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Himachal’s first Zero Budget crop yields 5 quintal per acre, encouraging says UHF

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Solan: Himachal Pradesh has finally harvested the first trial crop grown under the Zero Budget Natural Farming(ZBNF) model at the Dr. YS Parmar University of Horticulture and Forestry (UHF), Nauni.

As part of Centre Government’s campaign to double farmers’ income by 2022, Acharya Devvrat had been insisting the farmers to adopt zero-budget farming since the day he was appointed as the Governor of the State.

Therefore, the University picked up the ZBNF trial project after these repeated preaching of the Acharya Devvrat, Governor and the Chancellor of the University.

Harvesting in progress at the ZBNF farm

Last week, the scientists of the UHF picked up peas at the ZBNF farm that falls under the Directorate of Research of the University.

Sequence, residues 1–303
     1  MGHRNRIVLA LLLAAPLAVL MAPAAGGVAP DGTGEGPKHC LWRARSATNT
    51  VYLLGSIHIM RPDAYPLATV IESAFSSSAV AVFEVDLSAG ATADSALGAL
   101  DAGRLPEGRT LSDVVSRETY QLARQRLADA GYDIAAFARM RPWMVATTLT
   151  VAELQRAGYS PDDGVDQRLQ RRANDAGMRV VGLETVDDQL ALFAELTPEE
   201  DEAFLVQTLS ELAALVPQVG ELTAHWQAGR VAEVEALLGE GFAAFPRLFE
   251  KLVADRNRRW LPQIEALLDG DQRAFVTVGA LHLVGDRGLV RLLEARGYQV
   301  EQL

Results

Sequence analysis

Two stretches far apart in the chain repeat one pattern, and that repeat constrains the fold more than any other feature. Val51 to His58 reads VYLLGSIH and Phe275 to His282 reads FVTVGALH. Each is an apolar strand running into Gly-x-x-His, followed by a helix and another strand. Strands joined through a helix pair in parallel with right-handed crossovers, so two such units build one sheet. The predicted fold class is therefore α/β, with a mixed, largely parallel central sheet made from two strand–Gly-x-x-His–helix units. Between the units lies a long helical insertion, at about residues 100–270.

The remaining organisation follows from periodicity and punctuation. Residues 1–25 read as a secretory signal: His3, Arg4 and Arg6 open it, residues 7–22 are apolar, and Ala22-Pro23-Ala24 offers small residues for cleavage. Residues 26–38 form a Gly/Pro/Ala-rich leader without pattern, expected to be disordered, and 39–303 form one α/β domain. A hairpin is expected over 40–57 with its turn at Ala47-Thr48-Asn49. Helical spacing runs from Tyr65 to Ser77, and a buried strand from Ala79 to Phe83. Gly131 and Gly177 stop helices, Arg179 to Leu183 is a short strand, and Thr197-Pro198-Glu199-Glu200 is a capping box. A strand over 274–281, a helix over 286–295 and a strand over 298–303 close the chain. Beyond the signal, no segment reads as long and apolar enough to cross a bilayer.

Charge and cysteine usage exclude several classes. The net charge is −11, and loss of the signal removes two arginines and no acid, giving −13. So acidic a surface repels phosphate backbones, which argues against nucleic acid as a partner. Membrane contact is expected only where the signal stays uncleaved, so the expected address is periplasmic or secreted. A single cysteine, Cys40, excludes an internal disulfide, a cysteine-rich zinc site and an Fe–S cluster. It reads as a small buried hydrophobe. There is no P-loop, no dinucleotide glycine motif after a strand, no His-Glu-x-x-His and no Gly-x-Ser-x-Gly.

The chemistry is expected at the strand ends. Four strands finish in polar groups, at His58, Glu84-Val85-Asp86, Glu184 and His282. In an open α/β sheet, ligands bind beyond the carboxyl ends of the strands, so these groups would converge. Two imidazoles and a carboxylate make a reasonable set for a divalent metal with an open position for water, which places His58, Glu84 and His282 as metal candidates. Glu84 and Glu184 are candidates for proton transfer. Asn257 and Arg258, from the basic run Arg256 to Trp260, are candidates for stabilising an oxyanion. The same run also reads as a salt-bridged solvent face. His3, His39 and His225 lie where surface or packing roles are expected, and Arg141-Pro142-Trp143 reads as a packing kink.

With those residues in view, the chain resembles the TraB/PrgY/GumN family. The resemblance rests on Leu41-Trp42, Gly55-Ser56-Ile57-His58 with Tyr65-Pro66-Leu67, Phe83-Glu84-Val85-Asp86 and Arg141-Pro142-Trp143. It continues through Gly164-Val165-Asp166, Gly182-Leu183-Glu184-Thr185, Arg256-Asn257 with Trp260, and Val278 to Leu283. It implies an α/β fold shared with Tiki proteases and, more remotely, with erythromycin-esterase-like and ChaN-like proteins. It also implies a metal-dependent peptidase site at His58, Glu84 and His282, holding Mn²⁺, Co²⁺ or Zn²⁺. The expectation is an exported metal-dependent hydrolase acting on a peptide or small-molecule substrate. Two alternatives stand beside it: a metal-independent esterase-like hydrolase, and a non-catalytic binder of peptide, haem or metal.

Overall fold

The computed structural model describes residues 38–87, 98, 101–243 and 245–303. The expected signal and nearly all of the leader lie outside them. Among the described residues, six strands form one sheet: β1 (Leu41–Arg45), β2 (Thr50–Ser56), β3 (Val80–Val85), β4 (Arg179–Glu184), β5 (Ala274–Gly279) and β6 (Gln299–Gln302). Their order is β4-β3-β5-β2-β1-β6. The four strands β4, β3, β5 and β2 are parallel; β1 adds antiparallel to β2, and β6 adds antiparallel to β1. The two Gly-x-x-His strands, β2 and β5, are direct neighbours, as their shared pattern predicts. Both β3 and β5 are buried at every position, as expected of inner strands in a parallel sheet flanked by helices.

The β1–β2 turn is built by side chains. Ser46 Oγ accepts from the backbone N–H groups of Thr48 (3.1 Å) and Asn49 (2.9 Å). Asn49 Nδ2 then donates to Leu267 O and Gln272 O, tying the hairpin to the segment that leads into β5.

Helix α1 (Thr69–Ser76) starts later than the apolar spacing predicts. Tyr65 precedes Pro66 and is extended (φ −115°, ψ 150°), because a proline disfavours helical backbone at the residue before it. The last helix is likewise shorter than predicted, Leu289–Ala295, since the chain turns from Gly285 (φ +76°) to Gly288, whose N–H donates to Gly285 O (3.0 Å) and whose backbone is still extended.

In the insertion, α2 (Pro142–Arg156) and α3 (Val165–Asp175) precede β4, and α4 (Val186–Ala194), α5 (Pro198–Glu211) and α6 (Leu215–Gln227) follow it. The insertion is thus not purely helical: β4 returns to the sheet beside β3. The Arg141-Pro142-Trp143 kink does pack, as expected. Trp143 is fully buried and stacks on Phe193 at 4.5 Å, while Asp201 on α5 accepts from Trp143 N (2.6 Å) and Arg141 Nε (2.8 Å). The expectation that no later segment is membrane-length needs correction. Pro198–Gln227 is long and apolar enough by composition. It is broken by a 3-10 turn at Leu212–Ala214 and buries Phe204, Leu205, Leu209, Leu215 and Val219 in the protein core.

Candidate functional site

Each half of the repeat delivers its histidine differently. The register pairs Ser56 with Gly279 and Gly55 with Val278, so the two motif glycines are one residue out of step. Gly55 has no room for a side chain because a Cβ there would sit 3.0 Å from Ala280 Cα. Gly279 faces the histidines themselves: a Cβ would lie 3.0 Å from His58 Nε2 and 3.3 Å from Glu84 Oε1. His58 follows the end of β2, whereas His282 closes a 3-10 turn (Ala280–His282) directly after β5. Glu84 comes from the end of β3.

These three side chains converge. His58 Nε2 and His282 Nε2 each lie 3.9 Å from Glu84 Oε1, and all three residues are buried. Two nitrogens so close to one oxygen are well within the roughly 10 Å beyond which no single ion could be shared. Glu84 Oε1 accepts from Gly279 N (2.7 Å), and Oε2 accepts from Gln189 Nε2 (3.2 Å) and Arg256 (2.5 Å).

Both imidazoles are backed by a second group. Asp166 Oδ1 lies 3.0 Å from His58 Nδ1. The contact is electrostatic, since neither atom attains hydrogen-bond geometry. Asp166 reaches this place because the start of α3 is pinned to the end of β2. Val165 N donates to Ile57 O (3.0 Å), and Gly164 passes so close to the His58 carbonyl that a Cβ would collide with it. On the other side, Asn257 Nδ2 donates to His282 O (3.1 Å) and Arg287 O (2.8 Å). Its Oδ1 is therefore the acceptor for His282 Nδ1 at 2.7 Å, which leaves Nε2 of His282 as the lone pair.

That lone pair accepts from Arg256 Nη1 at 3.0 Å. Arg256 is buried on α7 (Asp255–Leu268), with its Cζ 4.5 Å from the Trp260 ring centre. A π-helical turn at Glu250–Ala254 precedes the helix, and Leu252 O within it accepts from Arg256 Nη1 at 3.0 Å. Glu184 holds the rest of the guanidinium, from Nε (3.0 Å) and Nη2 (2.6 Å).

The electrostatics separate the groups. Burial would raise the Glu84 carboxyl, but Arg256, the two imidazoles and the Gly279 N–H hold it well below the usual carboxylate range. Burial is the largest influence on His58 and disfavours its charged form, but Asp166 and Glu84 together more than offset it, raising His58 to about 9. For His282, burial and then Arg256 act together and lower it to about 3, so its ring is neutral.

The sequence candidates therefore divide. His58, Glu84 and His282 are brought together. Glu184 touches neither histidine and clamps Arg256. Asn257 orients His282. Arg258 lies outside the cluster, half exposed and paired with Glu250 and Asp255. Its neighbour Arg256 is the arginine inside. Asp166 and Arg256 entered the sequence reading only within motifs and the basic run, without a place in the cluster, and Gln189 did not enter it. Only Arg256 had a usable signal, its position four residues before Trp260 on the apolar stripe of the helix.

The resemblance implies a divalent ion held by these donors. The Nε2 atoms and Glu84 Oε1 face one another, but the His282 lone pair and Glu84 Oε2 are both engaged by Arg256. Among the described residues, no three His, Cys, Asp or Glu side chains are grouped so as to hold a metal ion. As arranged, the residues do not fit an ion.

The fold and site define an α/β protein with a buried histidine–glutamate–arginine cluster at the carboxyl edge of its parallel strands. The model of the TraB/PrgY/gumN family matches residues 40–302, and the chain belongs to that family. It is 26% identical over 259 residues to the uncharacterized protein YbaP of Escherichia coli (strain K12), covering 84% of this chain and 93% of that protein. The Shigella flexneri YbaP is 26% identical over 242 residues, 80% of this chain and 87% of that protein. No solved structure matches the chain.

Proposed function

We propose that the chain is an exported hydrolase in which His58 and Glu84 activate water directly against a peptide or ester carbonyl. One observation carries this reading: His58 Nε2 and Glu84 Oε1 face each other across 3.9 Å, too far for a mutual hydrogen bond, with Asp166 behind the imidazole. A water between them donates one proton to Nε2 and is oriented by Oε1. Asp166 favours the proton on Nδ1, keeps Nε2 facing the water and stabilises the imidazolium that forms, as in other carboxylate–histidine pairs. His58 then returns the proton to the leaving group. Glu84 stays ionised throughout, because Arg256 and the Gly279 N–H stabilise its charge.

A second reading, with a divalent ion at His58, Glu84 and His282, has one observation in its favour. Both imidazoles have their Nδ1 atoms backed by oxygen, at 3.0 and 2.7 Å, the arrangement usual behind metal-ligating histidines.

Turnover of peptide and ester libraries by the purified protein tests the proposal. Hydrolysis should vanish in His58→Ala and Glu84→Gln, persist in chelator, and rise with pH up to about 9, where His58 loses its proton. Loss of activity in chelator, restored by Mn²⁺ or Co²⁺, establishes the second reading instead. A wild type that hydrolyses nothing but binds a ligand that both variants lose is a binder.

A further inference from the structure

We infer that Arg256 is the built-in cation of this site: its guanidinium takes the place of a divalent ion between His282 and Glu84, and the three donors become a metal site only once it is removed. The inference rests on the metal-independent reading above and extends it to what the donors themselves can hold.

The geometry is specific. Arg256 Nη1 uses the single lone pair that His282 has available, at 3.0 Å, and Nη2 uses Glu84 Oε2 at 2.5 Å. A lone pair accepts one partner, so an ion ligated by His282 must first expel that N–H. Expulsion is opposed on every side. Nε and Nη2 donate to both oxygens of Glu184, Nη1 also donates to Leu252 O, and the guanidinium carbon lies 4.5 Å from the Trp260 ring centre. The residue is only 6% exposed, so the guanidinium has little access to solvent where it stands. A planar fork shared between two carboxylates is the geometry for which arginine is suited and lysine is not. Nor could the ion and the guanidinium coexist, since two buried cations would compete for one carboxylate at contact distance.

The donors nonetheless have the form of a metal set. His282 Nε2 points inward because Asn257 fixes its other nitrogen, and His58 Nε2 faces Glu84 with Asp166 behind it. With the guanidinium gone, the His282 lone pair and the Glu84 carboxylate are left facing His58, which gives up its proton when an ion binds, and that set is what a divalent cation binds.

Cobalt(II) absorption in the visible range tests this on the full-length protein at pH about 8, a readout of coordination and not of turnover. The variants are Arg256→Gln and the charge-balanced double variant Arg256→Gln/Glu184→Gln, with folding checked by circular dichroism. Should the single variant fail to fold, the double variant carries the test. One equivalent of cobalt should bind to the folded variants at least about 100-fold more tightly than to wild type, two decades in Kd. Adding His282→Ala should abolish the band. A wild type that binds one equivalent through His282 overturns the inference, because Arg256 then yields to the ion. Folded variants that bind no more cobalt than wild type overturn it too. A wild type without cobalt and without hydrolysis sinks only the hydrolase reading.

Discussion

The varsity claimed the results are quite encouraging. Based on the first harvest, the production is calculated to be around 5 quintals per acre land. The team is expecting up to three pickings from the crop.

Now, the varsity will sell the harvest to locals to take a feedback on the quality of the crop.

For this trial, the research team planted two varieties of peas at the farm. The first variety was P-89 while the second variety, Azad-P1, was planted 15 days later. Both varieties have coriander as a border crop, which will be ready for sale by the end of the week.

Harvesting in progress at the ZBNF farm

The seeds were irrigated after treating them with ‘Bijamrit.

The spray of “Jivamrit” after every 15 days of germination followed it. The scientists are now evaluating the performance of the two varieties under this model.

The results have been highly encouraging and we plan to increase the crop area under this model and also expand to crops like tomato and capsicum. The pods in each plant ranged between four to eight,

said Dr. Rajeshwar Chandel, Joint Director (Forestry) and Coordinator of ZBNF at the University.